Gloria called that next Thursday and asked if I planned to come visit over the weekend; before I could answer, she rambled on about her job and all the people she worked with. Gloria is a world-class rambler, able to cover three or four topics in the same conversation, dropping names of people I have never met like I know all about them. Curiosity got the best of me, and as she paused for a breath, I asked about my bunny friend. There was silence on her end for a moment, until she remembered what I was talking about. “Oh you mean the rabbit with the stripe?” she said.

“Yes,” I reply. “Have you seen her?”

” Well, It’s the damnedest thing….”

An ominous feeling surged through me as she continued. “The neighbors were just talking about her.”

Puzzled, I ask why.

“The bunny rabbit, the one with the stripe, all week she kept darting out into the street, charging moving cars.”

I could barely croak out, “Why is that?”

” I don’t know.” She said dismissively. “Joe seems to think she was trying to attack the cars. It’s only when the cars are moving and…”

My eyes filled with tears, and I hung up the phone.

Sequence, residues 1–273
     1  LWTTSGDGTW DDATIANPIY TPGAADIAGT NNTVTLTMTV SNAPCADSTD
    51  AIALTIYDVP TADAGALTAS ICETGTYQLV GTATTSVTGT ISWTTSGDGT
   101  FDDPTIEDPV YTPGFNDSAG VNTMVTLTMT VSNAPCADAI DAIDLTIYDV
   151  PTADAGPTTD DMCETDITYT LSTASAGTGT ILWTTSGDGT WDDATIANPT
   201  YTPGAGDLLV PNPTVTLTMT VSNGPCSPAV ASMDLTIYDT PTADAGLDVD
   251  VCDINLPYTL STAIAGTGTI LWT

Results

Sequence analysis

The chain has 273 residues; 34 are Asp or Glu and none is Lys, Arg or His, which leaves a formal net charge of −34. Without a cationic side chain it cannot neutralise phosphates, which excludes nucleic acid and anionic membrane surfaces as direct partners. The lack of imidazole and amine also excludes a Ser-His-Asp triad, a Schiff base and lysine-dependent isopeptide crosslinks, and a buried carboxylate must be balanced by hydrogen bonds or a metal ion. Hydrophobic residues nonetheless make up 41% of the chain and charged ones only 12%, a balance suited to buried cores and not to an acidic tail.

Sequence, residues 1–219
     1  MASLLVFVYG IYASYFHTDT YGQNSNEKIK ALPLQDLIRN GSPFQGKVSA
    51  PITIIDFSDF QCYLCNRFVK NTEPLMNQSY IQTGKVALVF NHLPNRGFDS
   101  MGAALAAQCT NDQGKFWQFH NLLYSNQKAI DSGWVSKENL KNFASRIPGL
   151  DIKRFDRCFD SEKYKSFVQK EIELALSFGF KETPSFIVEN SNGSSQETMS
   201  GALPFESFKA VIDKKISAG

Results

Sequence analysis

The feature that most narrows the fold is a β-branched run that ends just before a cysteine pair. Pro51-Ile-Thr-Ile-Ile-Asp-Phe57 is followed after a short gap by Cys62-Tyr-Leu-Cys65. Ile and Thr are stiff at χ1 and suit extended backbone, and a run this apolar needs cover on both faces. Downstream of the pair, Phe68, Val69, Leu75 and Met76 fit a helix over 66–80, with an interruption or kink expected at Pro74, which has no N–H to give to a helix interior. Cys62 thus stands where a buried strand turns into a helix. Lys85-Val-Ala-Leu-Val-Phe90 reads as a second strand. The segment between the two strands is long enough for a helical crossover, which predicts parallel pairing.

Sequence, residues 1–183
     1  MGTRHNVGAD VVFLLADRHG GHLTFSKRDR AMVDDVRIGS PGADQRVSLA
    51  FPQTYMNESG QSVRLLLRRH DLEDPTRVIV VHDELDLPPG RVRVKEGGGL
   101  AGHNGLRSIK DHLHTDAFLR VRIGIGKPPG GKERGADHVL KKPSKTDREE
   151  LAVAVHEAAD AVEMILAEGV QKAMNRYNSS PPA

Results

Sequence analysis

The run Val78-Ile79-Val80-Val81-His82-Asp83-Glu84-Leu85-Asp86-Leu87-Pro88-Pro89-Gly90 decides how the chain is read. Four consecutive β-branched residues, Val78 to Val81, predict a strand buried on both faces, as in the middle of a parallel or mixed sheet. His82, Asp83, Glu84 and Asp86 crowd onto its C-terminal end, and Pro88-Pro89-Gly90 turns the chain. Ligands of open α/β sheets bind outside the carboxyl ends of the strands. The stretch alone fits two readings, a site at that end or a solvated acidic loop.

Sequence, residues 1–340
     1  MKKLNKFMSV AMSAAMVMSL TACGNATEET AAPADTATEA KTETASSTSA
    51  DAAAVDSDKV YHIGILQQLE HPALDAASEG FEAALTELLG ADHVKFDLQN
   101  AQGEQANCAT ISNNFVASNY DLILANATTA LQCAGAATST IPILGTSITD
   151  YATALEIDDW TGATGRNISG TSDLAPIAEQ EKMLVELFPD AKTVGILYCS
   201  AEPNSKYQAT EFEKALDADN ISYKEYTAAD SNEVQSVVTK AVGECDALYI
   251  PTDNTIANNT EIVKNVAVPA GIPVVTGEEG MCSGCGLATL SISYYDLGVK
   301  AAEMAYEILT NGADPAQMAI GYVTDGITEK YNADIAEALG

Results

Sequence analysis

While sitting on the couch, I heard the phone ringing in the distance, but I ignored it. Later I told Gloria my battery died, but for then, I meditated in my living room till day turned to dusk, darkness drifting down the foggy corridors of my mind.

I thought of the injustices the strong committed against the weak. I thought of people, who like that little bunny, found themselves alone and at the mercy of powers out of their control, confronted by situations they weren’t able to understand.

I thought of all the social injustice as I sat alone in my darkening home, and I covered my face with my hands to grieve for one poor, little bunny, all alone now in this big, ugly world: hurt, frustrated, trying to fight back in a battle she can’t win.